let phone giants 'Ctrl' what you get on the 'Net
USA TODAY EDITORIAL
Thursday, February 16, 2006
Telecoms trying to build toll booths on information
In the history of great ideas, the Internet will surely rank
near the top. In a relatively short time, it has made vast
amounts of information searchable, sortable and readily
available with a few key strokes.
Much of the Internet's appeal is that no one controls it in
the way that, say, a grocery store decides which brands to
stock. Within its virtual walls, a start-up such as MySpace
or Craigslist can surge to prominence entirely on the power
of an idea.
Now, some very old-school companies want to change all
that. Using market dominance achieved through the relative
scarcity of lines into people's homes, phone companies such
as BellSouth, Verizon and AT&T are eyeing a system that
would demand that operators of search engines, e-commerce
sites and other Web applications pay them fees or be
relegated to the slow lane.
Here's how AT&T CEO Ed Whitacre put it while discussing
Vonage, Google and Yahoo with
magazine: "What they would like to do is use my pipes free,
but I ain't going to let them do that because we have spent
this capital and we have to have a return on it."
Let us count the ways why this vision by the
telecommunications companies is misguided:
• It shows a complete lack of comprehension of why the
Internet is so attractive. It is not, like television, a
pipeline for delivering content and advertising to
consumers. It's an interactive medium that empowers
individuals to communicate, join virtual communities, shop,
search, prioritize information and engage in an evolving
list of other activities.
• Google, Yahoo and other companies are not freeloading off
of anyone. Their data flow over the lines of companies such
as AT&T only if
AT&T's customers pay for it.
• Search engines, e-commerce sites and other major
destinations have invested billions of their own dollars on
servers, routers and software to make the Internet work.
The only difference is that these companies do not have a
potential chokehold over the Internet's on-ramps.
• Phone companies achieved dominant positions through their
origins as part of the Ma Bell monopoly. It would have been
unthinkable for them to demand royalties from catalogue
sales over toll-free numbers when they were treated as
"common carriers." But now they feel empowered to shake
down companies such as Amazon or Travelocity.
Competition might keep the phone companies from putting the
squeeze on website operators. That would be the best
outcome. But consumers in many parts of the country have
little choice in broadband, so Congress is appropriately
exploring legislation that would lay out a principle of "Net
neutrality" that would require all websites to receive equal
Telecommunications companies say they are not altering the
Internet, merely offering a new ultra-high-speed tier of
service on top of it. Don't be fooled. Once they begin
choosing search engines, auction sites and other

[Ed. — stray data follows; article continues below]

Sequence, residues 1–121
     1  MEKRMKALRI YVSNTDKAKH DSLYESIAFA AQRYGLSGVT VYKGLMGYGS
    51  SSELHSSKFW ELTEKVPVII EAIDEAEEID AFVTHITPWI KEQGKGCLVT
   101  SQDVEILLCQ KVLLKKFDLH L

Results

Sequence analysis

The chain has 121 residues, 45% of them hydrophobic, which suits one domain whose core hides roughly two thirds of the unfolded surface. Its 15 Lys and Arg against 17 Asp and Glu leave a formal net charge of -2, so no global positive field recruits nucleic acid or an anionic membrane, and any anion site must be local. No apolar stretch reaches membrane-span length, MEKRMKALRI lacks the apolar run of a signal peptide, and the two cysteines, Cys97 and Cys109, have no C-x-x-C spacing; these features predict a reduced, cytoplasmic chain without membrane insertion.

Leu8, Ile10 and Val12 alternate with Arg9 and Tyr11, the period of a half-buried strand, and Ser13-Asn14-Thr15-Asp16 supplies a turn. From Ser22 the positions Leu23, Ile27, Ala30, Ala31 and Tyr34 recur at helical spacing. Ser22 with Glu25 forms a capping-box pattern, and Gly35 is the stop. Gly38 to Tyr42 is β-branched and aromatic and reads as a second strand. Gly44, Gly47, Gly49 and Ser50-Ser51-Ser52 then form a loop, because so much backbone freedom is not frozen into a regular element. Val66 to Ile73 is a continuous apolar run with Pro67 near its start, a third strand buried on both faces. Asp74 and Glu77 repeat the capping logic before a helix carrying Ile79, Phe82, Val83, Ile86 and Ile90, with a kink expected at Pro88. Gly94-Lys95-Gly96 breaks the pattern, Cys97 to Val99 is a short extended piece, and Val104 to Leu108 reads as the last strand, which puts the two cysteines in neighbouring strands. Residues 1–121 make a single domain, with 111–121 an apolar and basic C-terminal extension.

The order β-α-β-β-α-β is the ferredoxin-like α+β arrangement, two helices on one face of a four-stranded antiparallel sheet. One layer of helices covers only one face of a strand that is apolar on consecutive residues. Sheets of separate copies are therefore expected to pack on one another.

applications for their premium service, they alter the
entire competitive landscape.
In this new world, companies would have to spend more time
kowtowing to the likes of AT&T and less time innovating.
That doesn't sound like such a great idea.
We'll give users choices
Companies should be free to offer new services and pricing
By Walter McCormick
Local telecommunications companies have a
150-year tradition of connecting people with each other. As
we invest billions of dollars in new, advanced broadband
networks, our commitment remains the same: We will connect
you to whomever you choose, and we will not block, impair,
or degrade any content, applications or services. The
Internet freedom you have today, you will have tomorrow.
Government has kept its hands off the Internet, and it has
flourished. Telecom companies have not sought to hinder the
Internet's growth -- indeed, just the opposite: We have
invested, grown and expanded the networks that make up this
extraordinary resource. Today's DSL, cable, wireless and
satellite companies vigorously compete to offer a faster,
more robust Internet experience.
Consumers are in control via new pricing and service
packages being made available everyday -- witness AT&T's
announcement of $12.99-per-month DSL access. Consumers
expect and demand Internet freedom. If telecom companies
don't provide it, they will do business with someone else.
To meet ever-increasing customer expectations, the nation's
telecom companies are investing in next-generation networks
that will offer consumers even more choices -- for video and
for new services and applications such as health monitoring,
telemedicine and home security. This new marketplace should
be allowed to develop, without government micromanaging it.
It is only through investment that new networks will be
built and Americans will enjoy the full promise of the
information age. Experts predict that demand for new
services will require a 400% increase in bandwidth over the
next decade. Therefore, all who use, enjoy, or profit from
the Internet have a common interest policies that promote
investment in network infrastructure.
No one in today's debate opposes Internet freedom. We
differ only in this: We do not believe that now is the time
to close the chapter on Internet innovation and progress by
turning to government-managed competition and central
planning, no matter how well-intentioned.
Those who invest in advanced fiber, wireline and wireless
broadband networks should be free to offer new services, and
new pricing and service options, in a marketplace
characterized by robust competition and consumer choice.
Walter McCormick is
president and CEO of the United States Telecom Association.